The similarities between communism and Christianity are numerous, as historian Michael Burleigh pointed out: “consciousness” is the soul, which when enlightened brings salvation; “capitalists” are sinners, “comrades” are the faithful, the “counter-revolutionary” is the devil, the “proletariat” is the chosen people; the “new man” is the born-again Christian, the “classless society” is paradise, and the “proletariat revolution” is the Last Judgement. The God who was once the power behind the providential order of salvation history, is replaced by the new god “History,” which inexorably unfolds according to the Marxist libretto, until history ends in the “worker’s paradise.” Finally, communism promoted the elitist superiority, found also in believers in “human sciences,” that comes from possessing the real meaning of events and behavior, a gnosis lacking in the dullard bourgeois and irrational people of faith.
The religious power of communism is apparent from the memoirs of ex-communists who wrote about their experience in the classic The God That Failed. French novelist André Gide said of becoming a communist, “My conversion is like a faith,” and the Soviet Union seems “to point to salvation.” Arthur Koestler, whose novel Darkness at Noon, published in 1940, told the truth about the Show Trials that fellow-travelers denied were even happening, explicitly linked secularization to communism. He wrote that he “converted” because he “lived in a disintegrating society thirsting for faith.” Like St. Paul on the road to Damascus, Koestler writes, “The new light seems to pour from all directions across the skull, the whole universe falls into pattern,” now there is “an answer to every question,” and “nothing henceforth can disturb the convert’s inner peace and serenity.”
The intensity of this conversion in part explains the legions of Westerners who refused to credit the concrete evidence of communist tyranny that began under Lenin. In 1908, Lenin threatened “real, nation-wide terror which reinvigorates the country,” and fulfilled that threat a few years after the revolution in the “merciless war,” as he put it, against the Kulaks, the more prosperous peasants. When someone protested, Lenin answered, “Do you think we can be victors without the most severe revolutionary terror?” The horrors of Stalin were just expansions of Lenin’s brutal practices already well documented before Stalin came into power. As French historian François Furet has written, “Those who wanted to know, could have known. The problem was that few people really wanted to.” Only a cult-like blind faith can explain such a resistance to facts, one obvious in the comment of Europe’s most famous Marxist, Georg Lukács, who said, “Even if every empirical prediction of Marxism were invalidated, he would still hold Marxism to be true.”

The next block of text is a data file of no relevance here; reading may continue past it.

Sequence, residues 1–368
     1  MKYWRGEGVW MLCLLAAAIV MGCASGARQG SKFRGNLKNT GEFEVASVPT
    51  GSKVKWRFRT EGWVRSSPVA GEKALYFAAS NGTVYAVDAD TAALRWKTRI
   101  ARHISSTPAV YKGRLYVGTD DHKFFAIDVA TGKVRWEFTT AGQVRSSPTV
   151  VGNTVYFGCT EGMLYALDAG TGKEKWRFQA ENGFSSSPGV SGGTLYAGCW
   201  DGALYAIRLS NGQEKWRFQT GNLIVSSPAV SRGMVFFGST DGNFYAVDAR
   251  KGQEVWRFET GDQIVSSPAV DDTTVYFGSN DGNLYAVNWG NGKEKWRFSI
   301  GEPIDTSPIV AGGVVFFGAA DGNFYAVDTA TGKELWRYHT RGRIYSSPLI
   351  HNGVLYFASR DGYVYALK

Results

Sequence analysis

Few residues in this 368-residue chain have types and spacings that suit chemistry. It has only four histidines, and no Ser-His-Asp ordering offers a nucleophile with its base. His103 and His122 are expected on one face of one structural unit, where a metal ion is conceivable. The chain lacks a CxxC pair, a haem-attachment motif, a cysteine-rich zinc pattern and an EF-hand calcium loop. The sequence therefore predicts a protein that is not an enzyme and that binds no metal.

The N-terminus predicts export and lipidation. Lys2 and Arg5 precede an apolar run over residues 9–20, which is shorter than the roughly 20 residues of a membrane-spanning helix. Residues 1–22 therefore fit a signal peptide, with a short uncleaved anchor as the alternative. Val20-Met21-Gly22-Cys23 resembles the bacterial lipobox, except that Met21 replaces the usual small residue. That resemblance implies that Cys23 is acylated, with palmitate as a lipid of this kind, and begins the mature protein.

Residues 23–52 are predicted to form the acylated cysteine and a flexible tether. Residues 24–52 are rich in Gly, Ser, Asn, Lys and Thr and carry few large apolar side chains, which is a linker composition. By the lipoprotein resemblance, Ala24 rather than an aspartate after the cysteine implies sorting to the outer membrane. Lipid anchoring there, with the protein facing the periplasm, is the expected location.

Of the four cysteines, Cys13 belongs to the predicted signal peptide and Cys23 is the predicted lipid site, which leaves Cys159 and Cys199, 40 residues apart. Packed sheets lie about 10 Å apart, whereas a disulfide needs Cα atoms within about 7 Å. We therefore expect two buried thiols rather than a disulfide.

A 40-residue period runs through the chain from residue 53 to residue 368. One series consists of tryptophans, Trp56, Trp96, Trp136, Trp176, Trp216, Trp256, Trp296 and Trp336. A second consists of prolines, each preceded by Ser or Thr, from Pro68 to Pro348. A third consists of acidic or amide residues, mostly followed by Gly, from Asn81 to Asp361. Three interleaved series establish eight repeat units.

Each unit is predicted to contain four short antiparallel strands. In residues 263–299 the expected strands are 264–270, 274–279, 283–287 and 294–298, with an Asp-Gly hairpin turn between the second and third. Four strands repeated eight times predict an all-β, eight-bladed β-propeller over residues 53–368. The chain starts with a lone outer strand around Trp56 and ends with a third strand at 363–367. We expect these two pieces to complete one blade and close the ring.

The patent failure of Marx’s theoretical “predictions,” the proven record of mass murder and imprisonment, the pollution of social and family life by an infrastructure of surveillance and lies, the 1939 pact with Hitler that laid bare the true aims of an amoral gangster regime––none has been able to shake the faith of Western communists and fellow-travelers, who today still practice such willful blindness, whether it’s Bernie Sanders honeymooning in the old Soviet Union, Sean Penn shilling for a brutal thug in Venezuela, or Barack Obama cavorting with the Castro brothers in Cuba.
Today this affection does not seem to have the religious intensity of the early communist converts. But the persistence of communist apologetics has turned such unseemly admiration for the greatest killer in history into a mark of status and fashion for the caviar communist, the parlor pink, and the radical chic. These “useful idiots” 2.0 exist because admiration for communism has burrowed deep into high culture, popular culture, and the universities. So it is no surprise that large numbers of millennials prefer socialism––communism’s half-way house––to capitalism, and one-third think George W. Bush killed more people than Stalin did. Obviously, the thrill of being “subversive,” sheer historical ignorance, and moral flabbiness also account for this mysterious attraction to an ideology of murder and tyranny on the part of those who fancy themselves sophisticated intellectuals.
One hundred years after communism burst onto the world stage, it has survived the collapse of its most lethal state sponsor, the Soviet Union, and in modified form lives on in totalitarian regimes like China, and in political parties across Europe. The series in the Times reminds us that the discredited theories and allure of freedom’s greatest enemy must still be attacked and ridiculed.